Anyway, The Simpsons has long outstayed its welcome, and as far as I can tell has been on a downward spiral for a while, but if they’re going to start rolling over and giving in to this kind of controversy, their end cannot be far off. More concerning is simply the fact that this kind of nonsense is actually taken seriously in our society.

Smile Fun With Captain Marvel

After writing my Captain Marvel trailer rundown I listened to some more commentary on the whole ridiculous ‘don’t tell women to smile’ thing. Among other things, apparently star Brie Larson personally responded to the ‘smiling Captain Marvel’ memes by going after the fans for being ‘sexist.’

If they’re not careful, “No Smiling” will be the film’s unofficial tagline.

No smiling 2.png

A lot of a film’s success is the attitude of the people involved, and if the lead actress feels the need to get angry at fans for poking fun at the trailer, then that’s really not a good sign. She could have played along, posted smiling pictures or herself, or said something like “man, they left out all the happy bits!” That would have caused the whole thing to be a net gain for the film and probably gotten a lot people who weren’t impressed by the trailer onboard. I’m sure someone like Dwayne Johnson or the ever graceful Gal Gadot would have done that, or at the very least have shrugged the whole thing off and gotten back to promoting their film.

In any case, I couldn’t resist having just a little more fun with the topic:

Smile2.png

 

(And for the record, my money is on the pony)

New Essay Up at the Federalist

Don’t particularly care for the title they gave it, but such is life. This one is a semi-sarcastic examination of the idea of ‘The Age of Faith’ as it applies to the modern age

Sample:

We’re not taught how to reason in school: we’re just presented with “right answers” and told to put those down. Science textbooks don’t delve into the complexities of research, competing theories, the long, hard process by which accumulated facts slowly create a clearer and clearer picture of the workings of nature. They just list the facts, laws, and theories as ready made, sometimes with an understated sneer at those who initially doubted them for failing to give the right answer.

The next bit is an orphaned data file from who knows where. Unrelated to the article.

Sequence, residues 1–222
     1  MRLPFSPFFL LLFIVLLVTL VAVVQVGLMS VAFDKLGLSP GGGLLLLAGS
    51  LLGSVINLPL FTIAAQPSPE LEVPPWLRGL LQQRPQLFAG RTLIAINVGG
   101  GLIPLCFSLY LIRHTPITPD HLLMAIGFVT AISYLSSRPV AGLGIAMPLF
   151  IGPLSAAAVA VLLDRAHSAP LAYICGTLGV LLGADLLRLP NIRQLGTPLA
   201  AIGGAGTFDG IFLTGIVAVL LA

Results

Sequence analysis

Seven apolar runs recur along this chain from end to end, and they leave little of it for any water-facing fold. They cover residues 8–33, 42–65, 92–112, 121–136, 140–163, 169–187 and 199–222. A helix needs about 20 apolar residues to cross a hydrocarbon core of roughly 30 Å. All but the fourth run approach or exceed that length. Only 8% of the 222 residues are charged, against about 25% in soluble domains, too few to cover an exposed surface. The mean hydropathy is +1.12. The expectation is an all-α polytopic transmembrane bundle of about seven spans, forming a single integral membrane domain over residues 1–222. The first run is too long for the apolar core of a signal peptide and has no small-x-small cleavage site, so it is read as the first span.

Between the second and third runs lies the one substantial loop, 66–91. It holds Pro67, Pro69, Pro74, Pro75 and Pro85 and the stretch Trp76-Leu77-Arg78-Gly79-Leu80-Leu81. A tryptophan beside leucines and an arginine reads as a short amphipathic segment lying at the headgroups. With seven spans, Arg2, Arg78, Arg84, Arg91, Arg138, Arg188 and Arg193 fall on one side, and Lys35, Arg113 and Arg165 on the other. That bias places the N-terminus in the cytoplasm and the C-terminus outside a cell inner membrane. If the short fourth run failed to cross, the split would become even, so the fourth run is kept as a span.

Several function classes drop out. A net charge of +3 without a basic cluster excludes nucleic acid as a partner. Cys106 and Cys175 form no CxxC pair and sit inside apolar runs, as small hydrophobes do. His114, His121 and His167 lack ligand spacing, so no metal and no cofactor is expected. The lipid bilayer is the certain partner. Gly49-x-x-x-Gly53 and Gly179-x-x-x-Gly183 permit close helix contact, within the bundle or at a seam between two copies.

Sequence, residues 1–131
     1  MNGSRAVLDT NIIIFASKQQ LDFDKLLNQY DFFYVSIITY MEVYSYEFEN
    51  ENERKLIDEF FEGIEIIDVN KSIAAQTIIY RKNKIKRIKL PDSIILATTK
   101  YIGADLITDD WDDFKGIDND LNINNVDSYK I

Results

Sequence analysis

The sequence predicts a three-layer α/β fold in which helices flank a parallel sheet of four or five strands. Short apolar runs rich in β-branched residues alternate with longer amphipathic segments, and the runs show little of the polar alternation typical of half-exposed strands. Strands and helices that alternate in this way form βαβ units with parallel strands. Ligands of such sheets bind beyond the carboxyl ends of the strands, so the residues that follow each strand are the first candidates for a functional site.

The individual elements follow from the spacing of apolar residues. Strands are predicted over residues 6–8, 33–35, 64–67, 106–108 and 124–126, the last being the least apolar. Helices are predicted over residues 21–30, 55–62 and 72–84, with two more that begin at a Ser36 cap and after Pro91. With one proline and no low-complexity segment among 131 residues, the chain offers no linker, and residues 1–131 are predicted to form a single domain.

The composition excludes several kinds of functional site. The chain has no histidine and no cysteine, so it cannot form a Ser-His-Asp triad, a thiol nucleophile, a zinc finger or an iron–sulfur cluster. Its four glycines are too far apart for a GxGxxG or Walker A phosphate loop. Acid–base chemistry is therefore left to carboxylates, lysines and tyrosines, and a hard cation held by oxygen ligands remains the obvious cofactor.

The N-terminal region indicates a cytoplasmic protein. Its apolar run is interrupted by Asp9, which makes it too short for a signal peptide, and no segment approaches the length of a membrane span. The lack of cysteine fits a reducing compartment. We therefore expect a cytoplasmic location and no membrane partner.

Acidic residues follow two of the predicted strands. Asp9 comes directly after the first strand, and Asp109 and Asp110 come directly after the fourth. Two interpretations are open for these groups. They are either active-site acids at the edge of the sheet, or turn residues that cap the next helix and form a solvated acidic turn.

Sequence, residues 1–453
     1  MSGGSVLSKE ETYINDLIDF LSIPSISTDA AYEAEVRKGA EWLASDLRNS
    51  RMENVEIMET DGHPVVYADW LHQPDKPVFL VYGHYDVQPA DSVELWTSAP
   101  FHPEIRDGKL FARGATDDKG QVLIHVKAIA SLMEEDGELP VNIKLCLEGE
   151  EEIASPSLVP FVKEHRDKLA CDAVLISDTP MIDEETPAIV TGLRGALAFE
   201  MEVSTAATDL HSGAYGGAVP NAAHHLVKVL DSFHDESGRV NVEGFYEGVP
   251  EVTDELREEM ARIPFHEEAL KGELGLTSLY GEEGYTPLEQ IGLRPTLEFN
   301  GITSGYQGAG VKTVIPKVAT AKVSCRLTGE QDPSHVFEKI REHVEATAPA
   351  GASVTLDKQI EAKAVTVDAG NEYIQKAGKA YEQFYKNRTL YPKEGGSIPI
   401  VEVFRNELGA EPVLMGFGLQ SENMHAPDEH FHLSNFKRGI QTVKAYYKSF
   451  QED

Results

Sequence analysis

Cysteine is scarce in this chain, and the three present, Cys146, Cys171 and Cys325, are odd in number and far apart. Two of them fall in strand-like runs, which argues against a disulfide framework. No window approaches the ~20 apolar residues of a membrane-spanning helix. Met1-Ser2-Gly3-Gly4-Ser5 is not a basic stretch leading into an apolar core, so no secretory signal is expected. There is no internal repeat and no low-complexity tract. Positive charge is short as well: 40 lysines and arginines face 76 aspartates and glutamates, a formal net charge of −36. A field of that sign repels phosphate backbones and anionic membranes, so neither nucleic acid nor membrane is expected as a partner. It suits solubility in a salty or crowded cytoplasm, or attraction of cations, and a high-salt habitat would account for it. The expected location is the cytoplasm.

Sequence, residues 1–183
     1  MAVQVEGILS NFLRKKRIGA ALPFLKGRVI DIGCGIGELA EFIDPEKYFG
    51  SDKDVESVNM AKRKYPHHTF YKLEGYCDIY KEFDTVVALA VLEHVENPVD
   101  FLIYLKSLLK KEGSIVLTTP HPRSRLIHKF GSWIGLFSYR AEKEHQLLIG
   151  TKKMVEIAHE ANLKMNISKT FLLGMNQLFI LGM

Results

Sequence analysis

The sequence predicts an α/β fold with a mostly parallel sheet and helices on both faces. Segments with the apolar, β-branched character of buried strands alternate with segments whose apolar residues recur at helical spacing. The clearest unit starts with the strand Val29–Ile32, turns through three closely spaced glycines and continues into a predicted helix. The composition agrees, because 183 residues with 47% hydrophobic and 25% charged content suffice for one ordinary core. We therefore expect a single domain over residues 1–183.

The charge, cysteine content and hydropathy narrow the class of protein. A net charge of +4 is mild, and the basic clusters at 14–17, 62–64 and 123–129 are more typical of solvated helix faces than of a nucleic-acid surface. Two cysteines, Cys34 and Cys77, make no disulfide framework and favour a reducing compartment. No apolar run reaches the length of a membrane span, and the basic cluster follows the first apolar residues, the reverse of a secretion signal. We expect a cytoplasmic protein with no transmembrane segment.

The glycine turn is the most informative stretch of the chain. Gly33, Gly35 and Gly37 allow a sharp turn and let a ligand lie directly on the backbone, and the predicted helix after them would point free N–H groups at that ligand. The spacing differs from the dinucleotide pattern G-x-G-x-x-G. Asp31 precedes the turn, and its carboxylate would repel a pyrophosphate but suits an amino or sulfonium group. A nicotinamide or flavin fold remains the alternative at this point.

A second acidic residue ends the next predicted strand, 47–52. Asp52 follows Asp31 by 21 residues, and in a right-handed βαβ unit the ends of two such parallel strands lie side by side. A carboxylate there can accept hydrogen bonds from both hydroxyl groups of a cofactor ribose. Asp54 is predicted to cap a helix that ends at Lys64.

It’s like this with most aspects of our lives. When was the last time you actually heard someone lay out the reasons why, say, racism is wrong, or democracy is good? We don’t make arguments, just statements of faith based on what we’ve been taught to say.

The trouble is that this kind of faith-based approach is very fragile (which is one of the reasons the old Christians didn’t use it). It’s apt to breed resentment and rebellion, and to crumble if the observed facts don’t seem to match the received doctrine.

We’re sometimes told with horror that half the country doubts evolution. Well, why shouldn’t they? They’ve been taught it as a matter of faith, not as a scientific fact dug out of nature through observation and reason. They’ve simply been told, in essence, “This is true and you’re a bad person if you don’t believe it.”

We should only expect some people to rebelliously turn their backs on it for that reason alone. Then again, there’s the fact that anyone of basic intelligence can see where evolution, as it is usually taught, seems to contradict the observed world around us. It doesn’t make sense that the vast variety, beauty, and efficiency of the natural world came about simply by random mutations that happened to be beneficial (I am told modern evolutionists generally think the situation is much more complicated and interesting than that). So, when forced to choose between the rather patronizing faith that’s been shoved down their throats or their own good sense, they choose the latter.

Read the rest here.

A Thought on Aretha Franklin

More specifically, on some of the responses to her death.

I’m a Detroit native, and for that city the death of Aretha Franklin is as the death of a home-grown President or war hero. She was a major and beloved figure in the city’s history and culture, all the more so because, unlike many of her contemporaries, she continued to make her home there after she made it big. Personally, I don’t have much interest in her music, but that hardly matters; the woman left behind a staggering artistic legacy and brought joy and inspiration to millions, and that counts for a lot.